Vagn Holmboe: Samlede strygekvartetter
01 January 2011
International Record Review
Vagn Holmboe 1909-1996 - Complete String
Quartets on Dacapo
Among the significant cycles of string quartets from the post-war era, that by Danish composer Vagn Holmboe is one of the most substantial surveying, even more than the symphonies (available on BIS CD843/46), the course of his maturity - a cycle, too, under-represented on disc before the Kontra Quartet took up its cause. Founded in 1973 by redoubtable Hungarian emigre Anton Kontra, the ensemble made these recordings between 1992 and 2000.
Following its collation of the Hamerik and Langgaard symphonies (reviewed last January), Dacapo has now reissued the Holmboe quartets. The packaging - with each disc housed in a card sleeve - is simple but stylish, while the (uncredited) booklet notes offer a comprehensive if not consistently edited overview. The sound, just a little confined on the first two discs, is otherwise deal in its focus and clarity. His ten 'pre-First' quartets (only one of which was ever publicly performed) notwithstanding, Holmboe had written the first six of his 13 symphonies by the time of his First Quartet (1949). This stands firmly in the lineage of Bartók, with a first movement where the slow introduction is fused into a sonata-allegro, and whose development and reprise are then collapsed into a single span. The second movement treats its underlying idea to a systematic acceleration then deceleration of tempo, while the finale's imposing introduction crowns this otherwise energetic movement in a decisive conclusion. The Second and Third Quartets (both 1949) are in five movements. The former flanks a tensile Presto with one of Holmboe's most appealing slow movements and a recitative-like intermezzo, framed by an ingratiating Andante and a propulsive finale: the latter frames it s ruminative chaconne with two tensely argued movements flanked by a sustained Lento and another that eloquently brings the work full circle .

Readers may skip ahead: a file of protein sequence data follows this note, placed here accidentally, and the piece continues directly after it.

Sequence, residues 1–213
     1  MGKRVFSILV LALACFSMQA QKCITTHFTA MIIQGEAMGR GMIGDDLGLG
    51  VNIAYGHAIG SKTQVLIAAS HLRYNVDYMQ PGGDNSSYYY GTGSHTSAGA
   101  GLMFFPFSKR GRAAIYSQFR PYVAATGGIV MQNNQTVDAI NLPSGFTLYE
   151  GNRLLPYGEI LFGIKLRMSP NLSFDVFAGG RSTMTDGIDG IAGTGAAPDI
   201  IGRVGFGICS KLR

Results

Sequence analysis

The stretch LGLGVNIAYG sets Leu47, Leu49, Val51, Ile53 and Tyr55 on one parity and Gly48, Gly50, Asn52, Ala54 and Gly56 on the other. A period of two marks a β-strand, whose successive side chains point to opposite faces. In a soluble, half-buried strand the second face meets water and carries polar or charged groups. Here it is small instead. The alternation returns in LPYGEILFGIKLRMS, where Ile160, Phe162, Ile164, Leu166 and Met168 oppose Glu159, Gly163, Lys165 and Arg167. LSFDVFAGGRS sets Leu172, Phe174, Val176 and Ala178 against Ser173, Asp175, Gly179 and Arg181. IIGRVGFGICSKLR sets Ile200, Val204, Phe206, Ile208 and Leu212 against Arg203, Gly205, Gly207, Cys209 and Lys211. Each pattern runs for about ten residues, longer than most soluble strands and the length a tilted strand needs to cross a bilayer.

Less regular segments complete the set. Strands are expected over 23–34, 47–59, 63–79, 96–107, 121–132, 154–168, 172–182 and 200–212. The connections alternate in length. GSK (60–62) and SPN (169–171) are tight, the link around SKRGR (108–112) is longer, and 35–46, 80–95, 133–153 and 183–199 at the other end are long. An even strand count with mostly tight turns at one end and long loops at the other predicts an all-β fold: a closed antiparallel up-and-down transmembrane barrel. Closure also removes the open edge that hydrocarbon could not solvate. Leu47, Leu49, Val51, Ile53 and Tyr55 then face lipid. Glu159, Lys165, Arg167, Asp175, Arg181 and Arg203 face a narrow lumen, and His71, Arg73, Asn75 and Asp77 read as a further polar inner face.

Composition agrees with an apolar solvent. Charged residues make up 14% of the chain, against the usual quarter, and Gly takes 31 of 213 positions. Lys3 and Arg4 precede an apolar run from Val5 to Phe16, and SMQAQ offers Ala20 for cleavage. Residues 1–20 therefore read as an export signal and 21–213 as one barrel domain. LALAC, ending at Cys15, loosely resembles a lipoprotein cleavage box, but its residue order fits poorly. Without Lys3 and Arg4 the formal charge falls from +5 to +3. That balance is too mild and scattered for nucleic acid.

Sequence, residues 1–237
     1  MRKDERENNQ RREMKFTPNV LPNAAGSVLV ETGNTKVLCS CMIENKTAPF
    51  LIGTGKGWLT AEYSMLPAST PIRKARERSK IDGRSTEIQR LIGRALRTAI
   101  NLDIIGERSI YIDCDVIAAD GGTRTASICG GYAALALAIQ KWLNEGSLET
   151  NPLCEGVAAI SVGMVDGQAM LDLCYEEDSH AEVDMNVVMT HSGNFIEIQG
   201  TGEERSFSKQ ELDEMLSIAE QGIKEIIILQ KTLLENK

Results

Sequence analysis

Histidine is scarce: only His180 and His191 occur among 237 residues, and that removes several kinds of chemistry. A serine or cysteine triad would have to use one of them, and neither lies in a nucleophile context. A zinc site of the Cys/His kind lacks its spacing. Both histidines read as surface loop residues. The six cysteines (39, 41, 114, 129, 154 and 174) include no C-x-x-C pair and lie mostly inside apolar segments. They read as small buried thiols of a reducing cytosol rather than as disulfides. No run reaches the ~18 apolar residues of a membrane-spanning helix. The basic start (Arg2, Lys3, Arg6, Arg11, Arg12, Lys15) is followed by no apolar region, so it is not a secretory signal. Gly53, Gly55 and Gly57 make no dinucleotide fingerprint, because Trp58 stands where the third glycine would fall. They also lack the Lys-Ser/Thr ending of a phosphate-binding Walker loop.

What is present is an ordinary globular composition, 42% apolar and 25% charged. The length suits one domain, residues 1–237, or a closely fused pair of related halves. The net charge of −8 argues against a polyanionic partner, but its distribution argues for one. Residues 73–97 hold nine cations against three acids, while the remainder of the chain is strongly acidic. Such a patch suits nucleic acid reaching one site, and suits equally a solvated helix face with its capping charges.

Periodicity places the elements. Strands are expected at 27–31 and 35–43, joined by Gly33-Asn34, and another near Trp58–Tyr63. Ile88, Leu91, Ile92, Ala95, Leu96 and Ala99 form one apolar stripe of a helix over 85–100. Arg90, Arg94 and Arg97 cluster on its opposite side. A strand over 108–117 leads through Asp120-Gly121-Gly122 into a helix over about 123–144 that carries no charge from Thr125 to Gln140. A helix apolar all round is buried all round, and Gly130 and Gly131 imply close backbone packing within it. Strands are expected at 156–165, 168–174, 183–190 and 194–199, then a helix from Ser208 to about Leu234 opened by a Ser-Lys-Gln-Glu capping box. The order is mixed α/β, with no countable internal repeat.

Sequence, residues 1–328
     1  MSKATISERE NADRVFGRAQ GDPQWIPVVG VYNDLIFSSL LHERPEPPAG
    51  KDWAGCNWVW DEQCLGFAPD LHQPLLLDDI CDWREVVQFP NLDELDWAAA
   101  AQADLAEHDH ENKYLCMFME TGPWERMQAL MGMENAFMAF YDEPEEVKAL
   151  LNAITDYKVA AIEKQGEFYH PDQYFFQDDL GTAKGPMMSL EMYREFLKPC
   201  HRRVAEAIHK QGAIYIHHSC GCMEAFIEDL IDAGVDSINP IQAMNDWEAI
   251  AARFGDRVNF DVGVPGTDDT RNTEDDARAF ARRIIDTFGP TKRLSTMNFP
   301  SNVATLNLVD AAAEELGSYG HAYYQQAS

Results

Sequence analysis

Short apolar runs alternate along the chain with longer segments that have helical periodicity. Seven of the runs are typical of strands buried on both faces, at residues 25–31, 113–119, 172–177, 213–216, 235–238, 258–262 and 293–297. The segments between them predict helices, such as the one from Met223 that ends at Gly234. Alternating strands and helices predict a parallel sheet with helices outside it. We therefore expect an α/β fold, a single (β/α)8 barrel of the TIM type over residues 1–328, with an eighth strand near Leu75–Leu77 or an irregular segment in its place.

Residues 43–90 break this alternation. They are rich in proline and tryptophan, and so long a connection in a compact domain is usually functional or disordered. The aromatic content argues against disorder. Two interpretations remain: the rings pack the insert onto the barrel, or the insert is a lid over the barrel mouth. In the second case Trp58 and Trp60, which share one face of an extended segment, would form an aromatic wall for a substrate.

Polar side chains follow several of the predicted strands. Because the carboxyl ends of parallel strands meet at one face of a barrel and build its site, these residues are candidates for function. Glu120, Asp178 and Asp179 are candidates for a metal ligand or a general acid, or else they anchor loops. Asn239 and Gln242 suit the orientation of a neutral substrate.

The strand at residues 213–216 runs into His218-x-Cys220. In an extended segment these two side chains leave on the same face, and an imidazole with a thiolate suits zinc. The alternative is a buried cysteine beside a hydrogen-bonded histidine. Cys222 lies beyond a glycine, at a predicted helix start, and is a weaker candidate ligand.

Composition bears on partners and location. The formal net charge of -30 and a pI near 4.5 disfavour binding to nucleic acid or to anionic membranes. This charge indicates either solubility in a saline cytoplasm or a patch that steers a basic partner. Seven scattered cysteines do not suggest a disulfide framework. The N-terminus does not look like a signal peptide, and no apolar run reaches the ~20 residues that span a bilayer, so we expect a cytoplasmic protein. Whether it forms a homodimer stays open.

Holmboe returned to the genre after his Seventh and Eighth Symphonies. Likewise in five movements, the Fourth Quartet (1954, dedicated to Holmboe's pupil Per Nørgård) abandons Bartókian symmetry in a work dominated by slow or moderate tempos - the Adagio's fugal poise being in contrast with a vibrant preceding Presto and searching initial Andante; the fourth movement functioning as a lead - in to the (hardly serene!) closing Allegretto.